In an earlier post, I documented an incredible three hour rainfall that fell on Ft. Belvoir, VA on 08 September that had a return interval of 1000 years. Other places during the same time of day also experienced similar magnitudes. All of these extreme totals were courtesy of the remains of tropical storm "Lee" as it slowly made its way up the east coast. These rains occurred on the second day of a two day deluge. But only during the late afternoon on the 8th did these extremely rare three hour rains occur. Take a look at two rainfall maps (figure 1). The rainfall 00 to 06 UTC on 08 September featured a widespread north to south swath with high amounts embedded while the rainfall from 21 to 03 UTC 08 to 09 September was confined to smaller but more intense areas.
|Figure 1. Six hourly rainfall amounts from two times showing the different character of the rainfall. The latter rainfalls on the right showed two areas that exceeded 1000 year return intervals just south of Washington DC. This image is courtesy of http://nmq.ou.edu/.|
Why did the 1000 year three hour rains occur on the second day? Both the 7th and the 8th had the moisture, forcing and the instability to produce heavy rain rates, at least the kind you'd expect from convection in a tropical-like airmass that was brought north by the remnants of Tropical Storm Lee interacting with a frontal zone. In fact the 7th had even more precipitable water (figure 2) and and low-level horizontal winds to enhance moisture transport (figure 3). So it's not surprising to see a much larger area of very heavy rainfalls that eventually led to the record flooding amongst the rivers of the Susquehanna river basin. Grumm (2011) summarized the synoptic conditions that led to this event as being closer to a Maddox type synoptic flooding rain category. But the 7th didn't produce quite the extreme three hourly rainfall that occurred on the 8th. Instead these rains occurred on a day with weakened forcing aloft as the upper-level coupled jet structure weakened as the trough west closed off (figure 4) and the low-level jet weakened. With this in mind, we continue on understanding that synoptic-scale forcing cannot provide the full answer. We have to drill down to the convective scale to explain this.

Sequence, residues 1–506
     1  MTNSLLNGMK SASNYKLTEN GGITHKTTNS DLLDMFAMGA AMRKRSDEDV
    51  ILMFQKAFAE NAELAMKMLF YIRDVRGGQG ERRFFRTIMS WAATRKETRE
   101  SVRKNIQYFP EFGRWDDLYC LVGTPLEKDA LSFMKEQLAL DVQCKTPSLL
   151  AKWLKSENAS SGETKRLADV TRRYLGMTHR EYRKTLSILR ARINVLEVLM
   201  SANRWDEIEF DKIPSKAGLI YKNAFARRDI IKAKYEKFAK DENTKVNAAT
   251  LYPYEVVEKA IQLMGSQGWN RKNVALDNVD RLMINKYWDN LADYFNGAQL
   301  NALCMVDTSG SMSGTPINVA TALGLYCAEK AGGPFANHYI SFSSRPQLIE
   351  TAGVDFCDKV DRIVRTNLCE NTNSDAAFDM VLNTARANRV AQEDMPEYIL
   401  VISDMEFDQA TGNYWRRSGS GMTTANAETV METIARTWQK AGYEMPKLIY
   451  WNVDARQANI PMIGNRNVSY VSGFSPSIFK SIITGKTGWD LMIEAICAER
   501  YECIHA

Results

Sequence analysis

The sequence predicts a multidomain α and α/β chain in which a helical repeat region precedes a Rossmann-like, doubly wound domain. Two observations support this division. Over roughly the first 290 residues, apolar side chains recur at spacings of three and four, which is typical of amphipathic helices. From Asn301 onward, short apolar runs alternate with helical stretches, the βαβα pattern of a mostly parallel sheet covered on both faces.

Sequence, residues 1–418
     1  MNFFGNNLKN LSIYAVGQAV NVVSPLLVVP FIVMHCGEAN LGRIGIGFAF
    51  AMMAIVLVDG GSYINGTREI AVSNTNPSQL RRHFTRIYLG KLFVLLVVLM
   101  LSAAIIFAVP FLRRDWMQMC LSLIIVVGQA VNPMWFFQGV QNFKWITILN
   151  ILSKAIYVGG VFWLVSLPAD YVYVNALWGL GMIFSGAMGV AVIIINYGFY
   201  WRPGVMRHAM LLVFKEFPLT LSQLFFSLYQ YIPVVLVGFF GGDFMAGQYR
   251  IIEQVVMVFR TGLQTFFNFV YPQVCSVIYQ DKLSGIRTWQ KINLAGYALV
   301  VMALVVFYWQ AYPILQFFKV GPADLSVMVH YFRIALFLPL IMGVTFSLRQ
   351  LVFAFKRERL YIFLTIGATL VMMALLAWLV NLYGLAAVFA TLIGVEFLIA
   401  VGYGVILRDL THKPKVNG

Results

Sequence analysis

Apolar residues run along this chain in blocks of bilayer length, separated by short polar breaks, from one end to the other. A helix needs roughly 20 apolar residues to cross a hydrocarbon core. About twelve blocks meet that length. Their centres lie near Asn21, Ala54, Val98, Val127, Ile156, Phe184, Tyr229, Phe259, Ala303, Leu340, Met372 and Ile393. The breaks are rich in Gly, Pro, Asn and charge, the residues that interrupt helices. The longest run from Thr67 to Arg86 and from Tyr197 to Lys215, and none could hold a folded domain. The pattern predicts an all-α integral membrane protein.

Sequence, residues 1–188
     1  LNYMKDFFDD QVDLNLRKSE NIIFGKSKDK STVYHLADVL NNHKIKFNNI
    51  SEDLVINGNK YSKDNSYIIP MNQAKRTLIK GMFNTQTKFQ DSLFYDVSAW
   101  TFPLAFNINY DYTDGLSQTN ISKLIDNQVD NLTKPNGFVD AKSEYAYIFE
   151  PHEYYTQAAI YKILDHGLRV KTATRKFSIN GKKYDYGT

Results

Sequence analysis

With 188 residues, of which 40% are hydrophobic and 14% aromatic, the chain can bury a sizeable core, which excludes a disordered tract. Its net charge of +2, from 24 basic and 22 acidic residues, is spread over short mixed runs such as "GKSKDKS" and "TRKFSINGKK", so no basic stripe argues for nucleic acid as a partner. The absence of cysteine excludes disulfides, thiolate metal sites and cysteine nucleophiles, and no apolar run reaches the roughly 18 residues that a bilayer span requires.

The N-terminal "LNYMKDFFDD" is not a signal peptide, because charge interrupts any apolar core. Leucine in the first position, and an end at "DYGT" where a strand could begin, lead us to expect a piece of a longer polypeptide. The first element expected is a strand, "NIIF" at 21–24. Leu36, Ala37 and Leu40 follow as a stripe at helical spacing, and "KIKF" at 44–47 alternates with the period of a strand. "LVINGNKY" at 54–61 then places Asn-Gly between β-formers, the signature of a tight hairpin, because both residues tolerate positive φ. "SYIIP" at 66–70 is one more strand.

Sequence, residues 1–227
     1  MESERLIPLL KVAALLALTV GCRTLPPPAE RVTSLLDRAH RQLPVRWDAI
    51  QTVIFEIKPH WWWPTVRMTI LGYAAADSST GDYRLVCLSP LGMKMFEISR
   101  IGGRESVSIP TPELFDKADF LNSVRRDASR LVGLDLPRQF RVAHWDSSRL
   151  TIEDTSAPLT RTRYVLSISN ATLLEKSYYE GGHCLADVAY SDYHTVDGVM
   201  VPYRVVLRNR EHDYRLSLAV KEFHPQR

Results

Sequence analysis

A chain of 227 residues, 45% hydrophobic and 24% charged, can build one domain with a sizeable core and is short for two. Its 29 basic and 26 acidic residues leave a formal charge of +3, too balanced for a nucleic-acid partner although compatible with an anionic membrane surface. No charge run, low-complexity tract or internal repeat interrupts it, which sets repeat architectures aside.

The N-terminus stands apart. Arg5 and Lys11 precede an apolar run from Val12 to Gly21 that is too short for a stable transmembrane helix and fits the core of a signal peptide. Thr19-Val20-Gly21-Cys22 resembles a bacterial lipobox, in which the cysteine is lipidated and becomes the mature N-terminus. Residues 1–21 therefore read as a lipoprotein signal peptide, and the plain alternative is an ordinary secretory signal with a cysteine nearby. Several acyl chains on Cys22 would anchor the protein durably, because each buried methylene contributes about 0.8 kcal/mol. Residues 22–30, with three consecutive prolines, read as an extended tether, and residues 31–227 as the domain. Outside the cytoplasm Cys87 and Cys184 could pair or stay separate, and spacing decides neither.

|Figure 4. Upper-level analysis showing the weakening of the upper-level dynamics from 00 UTC 08 September (left column) to 00 UTC 09 September (right column).|